Yesterday, Freddie Mac released its fourth quarter financial results, reporting a net loss of $6.5 billion for the quarter, an increase over its third quarter loss of $5 billion. The company made a $1.3 billion dividend payment to Treasury on its senior preferred stock, resulting in a net loss attributable to common stockholders of $7.8 billion, or $2.39 per diluted common share.

Freddie Mac's net worth at December 31, 2009 was $4.4 billion, compared to positive net worth of $9.4 billion at September 30, 2009. This decline resulted from the fourth quarter 2009 net loss of $6.5 billion and the dividend payment of $1.3 billion to Treasury on the senior preferred stock, partially offset by a $2.7 billion decrease in unrealized losses recorded in accumulated other comprehensive income (loss) (AOCI) primarily driven by improved values on the company's available-for-sale (AFS) securities. Freddie Mac had a net worth deficit of $30.6 billion at December 31, 2008. As a result, no additional funding from Treasury was required under the terms of the Senior Preferred Stock Purchase Agreement for the fourth quarter. However, the full-year net loss for 2009 was $21.6 billion. After paying a total of $4.1 billion in dividends to Treasury on the senior preferred stock, net loss attributable to common stockholders was $25.7 billion ($7.89 per diluted common share) for all of 2009. The net loss attributable to common stockholders for 2008 was $50.8 billion, or $34.60 per diluted common share.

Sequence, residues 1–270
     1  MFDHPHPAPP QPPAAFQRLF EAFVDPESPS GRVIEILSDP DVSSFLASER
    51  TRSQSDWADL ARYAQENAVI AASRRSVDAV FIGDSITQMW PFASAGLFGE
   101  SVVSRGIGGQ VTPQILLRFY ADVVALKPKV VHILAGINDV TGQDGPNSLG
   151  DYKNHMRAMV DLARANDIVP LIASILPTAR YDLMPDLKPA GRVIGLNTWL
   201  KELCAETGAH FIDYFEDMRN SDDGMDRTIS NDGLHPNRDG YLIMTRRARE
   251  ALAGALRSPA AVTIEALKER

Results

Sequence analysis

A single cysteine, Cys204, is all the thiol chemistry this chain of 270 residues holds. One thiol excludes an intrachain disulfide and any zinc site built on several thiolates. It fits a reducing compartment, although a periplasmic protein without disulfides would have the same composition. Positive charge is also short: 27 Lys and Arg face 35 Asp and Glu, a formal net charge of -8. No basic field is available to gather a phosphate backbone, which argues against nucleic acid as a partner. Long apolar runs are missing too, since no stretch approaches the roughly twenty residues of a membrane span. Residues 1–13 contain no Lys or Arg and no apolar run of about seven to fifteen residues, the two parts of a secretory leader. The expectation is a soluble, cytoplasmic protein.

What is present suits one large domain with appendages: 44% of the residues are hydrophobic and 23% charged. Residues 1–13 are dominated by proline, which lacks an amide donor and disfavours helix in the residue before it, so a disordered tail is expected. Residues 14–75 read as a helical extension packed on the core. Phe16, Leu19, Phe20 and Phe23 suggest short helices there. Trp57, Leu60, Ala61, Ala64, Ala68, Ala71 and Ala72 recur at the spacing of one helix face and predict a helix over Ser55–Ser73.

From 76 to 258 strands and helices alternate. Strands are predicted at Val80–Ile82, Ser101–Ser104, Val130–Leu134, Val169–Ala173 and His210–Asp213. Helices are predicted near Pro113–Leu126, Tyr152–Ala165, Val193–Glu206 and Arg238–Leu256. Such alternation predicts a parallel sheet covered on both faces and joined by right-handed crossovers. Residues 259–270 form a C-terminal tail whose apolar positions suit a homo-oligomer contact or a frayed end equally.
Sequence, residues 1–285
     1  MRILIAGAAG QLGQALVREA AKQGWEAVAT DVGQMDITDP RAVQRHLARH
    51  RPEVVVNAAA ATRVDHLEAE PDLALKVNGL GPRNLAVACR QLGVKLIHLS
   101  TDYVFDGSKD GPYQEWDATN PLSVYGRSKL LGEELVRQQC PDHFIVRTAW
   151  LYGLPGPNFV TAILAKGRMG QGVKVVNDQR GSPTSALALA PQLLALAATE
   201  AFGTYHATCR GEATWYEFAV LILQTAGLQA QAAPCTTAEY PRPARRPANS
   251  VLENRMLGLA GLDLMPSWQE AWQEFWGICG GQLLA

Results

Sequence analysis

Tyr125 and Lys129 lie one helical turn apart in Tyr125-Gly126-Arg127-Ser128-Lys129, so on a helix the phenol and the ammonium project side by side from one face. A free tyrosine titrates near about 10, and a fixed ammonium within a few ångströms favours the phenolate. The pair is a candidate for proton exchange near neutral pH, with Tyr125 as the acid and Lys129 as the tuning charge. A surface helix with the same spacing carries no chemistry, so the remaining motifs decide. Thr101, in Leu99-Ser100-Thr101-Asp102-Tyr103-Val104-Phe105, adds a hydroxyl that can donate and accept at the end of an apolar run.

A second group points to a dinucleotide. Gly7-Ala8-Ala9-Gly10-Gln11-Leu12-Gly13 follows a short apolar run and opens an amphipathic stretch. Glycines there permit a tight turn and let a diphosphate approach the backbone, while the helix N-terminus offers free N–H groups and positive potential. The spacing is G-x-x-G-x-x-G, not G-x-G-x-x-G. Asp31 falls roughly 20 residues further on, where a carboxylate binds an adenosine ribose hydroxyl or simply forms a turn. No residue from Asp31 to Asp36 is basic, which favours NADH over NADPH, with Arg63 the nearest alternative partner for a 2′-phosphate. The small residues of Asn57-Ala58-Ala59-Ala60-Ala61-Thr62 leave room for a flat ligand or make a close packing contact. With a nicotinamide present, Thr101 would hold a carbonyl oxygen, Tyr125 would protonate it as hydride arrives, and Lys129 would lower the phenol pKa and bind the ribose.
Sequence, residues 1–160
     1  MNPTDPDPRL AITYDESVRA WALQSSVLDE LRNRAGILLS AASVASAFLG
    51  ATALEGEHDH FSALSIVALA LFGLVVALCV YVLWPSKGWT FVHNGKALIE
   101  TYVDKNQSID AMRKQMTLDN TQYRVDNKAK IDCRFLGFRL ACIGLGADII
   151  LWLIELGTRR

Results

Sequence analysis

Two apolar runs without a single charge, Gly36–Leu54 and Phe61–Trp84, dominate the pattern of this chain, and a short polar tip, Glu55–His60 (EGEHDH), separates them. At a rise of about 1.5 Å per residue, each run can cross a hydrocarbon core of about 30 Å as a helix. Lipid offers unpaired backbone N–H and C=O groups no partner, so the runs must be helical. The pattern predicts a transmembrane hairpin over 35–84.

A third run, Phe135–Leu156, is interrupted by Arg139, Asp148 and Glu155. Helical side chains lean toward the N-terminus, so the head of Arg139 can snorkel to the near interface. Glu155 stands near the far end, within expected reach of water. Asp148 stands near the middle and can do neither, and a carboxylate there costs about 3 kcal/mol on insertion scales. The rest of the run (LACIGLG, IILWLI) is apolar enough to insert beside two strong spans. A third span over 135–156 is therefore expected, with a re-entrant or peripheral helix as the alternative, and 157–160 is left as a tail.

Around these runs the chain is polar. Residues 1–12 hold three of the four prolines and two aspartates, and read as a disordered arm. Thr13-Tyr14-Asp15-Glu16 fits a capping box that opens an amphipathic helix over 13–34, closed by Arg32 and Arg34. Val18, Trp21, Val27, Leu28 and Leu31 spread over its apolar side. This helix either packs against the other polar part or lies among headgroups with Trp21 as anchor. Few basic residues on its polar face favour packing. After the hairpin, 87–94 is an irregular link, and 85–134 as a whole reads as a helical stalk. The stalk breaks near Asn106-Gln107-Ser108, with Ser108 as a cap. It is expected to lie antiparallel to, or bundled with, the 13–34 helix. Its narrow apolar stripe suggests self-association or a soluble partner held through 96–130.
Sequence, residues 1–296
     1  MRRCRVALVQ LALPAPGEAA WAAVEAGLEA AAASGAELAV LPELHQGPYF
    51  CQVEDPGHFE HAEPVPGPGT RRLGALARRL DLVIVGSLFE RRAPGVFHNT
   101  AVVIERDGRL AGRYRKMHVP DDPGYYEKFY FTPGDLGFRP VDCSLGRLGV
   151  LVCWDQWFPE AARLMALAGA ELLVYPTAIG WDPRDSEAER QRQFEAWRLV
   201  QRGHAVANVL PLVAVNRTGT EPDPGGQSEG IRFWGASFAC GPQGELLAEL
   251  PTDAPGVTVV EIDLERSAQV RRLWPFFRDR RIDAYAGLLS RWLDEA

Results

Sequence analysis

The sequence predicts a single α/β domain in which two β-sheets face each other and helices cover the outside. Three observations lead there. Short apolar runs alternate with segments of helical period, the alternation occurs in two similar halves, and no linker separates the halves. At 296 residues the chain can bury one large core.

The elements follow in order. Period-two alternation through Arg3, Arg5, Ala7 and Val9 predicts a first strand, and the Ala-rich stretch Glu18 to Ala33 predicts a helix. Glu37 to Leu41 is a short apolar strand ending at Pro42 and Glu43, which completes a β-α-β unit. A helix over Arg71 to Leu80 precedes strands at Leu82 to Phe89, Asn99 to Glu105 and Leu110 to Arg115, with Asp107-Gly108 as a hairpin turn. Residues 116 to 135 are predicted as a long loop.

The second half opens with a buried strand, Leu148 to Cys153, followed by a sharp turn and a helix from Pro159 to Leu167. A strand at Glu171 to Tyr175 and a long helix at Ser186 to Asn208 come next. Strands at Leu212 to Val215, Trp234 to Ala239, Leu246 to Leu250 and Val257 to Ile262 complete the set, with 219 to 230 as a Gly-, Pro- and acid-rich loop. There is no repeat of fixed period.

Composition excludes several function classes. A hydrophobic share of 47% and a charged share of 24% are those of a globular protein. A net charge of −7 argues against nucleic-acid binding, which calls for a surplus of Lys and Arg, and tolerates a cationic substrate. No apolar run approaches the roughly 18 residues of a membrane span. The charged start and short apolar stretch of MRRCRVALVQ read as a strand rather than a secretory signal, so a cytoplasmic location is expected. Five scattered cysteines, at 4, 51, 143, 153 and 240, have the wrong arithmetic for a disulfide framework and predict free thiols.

Both fourth quarter and full-year 2009 results were negatively affected by $7.1 billion and $29.8 billion in credit-related expenses, respectively, due to the challenging economic conditions during 2009. LIHTC partnerships expense of $3.4 billion and $4.2 billion impacted the fourth quarter and full-year results, primarily due to the write-down of the carrying value of the company's LIHTC partnership investments to zero as of December 31, 2009. These results were partially offset by net interest income of $4.5 billion in the fourth quarter of 2009 and $17.1 billion in the full-year 2009, mainly due to lower funding costs.

Freddie Mac also reported that it had refinanced approximately $379 billion of single-family loans during 2009, resulting in approximately $4.5 billion in annual interest savings for borrowers nationwide. More than 272,000 borrowers were able to stay in their homes or sell their properties through the company’s foreclosure avoidance programs and the Home Affordable Modification program (HAMP), including 129,380 loans that remained in HAMP trial periods as of December 31, 2009.